Group Title: mer demonstrations of improved dryland
Title: Farmer demonstrations of improved dryland
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Permanent Link: http://ufdc.ufl.edu/UF00094293/00001
 Material Information
Title: Farmer demonstrations of improved dryland wheat production system : preliminary report, Wheat Research and Training Project
Physical Description: 18 leaves : ; 33 cm.
Language: English
Creator: Mann, Charles Kellogg, 1934-
Publication Date: 1975
Copyright Date: 1975
 Subjects
Subject: Wheat -- Yields   ( lcsh )
Wheat -- Economic aspects   ( lcsh )
Genre: non-fiction   ( marcgt )
 Notes
Bibliography: Includes bibliographical references (leaf page 6).
General Note: Caption title.
General Note: Typescript.
General Note: "November 17th, 1975"--Leaf 5.
Statement of Responsibility: Charles K. Mann.
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Bibliographic ID: UF00094293
Volume ID: VID00001
Source Institution: University of Florida
Holding Location: University of Florida
Rights Management: All rights reserved by the source institution and holding location.
Resource Identifier: oclc - 434880171

Full Text



FARMER DEMONSTRATIONS OF IMPROVED DRYLAND

WHEAT PRODUCTION SYSTE'N Preliminary Report

Wheat Research and Training Project

SUMMARY
Based on field questionnaires this paper presents a preliminary
evaluation of the results of the first year of farmer demonstrations of
Turkey's improved dryland wheat production system. All demonstrator farmers
realized substantially higher returns than did cooperator fanners whose
fields served as controls (Sahit). The average net benefit from the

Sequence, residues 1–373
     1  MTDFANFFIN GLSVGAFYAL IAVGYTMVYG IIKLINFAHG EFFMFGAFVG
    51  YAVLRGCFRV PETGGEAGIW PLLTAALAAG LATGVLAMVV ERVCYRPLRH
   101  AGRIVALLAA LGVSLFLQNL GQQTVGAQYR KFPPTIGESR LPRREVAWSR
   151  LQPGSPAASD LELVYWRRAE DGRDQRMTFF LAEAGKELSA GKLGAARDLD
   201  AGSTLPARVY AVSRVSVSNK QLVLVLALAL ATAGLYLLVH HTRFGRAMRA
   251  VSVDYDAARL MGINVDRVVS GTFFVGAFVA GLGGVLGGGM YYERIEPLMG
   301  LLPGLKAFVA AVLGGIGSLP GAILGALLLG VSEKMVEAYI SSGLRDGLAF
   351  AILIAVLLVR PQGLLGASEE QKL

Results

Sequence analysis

improved system compared to that of the control was 203 TL. per decare.
The ratio of increased benefits to increased costs ran from 1.1 to one
to 10.5 to one with the average being 5.3 to one. More research is necessary
to learn the place of the cooperators in the spectrum of Anatolian
farming practices and to evaluate the impact of the demonstrations on
other farmers.


Over the past years (Turkish and American scientists) with the Wheat
Research and Training Project have worked out a package of improved
practices for producing wheat under the dryland conditions of the Anatolian
Plateau. In the summer of 1975 the first farmer demonstrations of the
improved dryland wheat system were completed. In connection with these
farmer demonstrations special questionnaire forms were prepared by the
Planning, Research and Coordination Directorate (PRC) of the Ministry
of Agriculture with the cooperation of Ankara University. Extension
service personnel administered the questionnaires both to the demonstrator
farmers and to "cooperator" farmers in the ten demonstration villages.
The forms from 7 of the demonstration villages have been completed and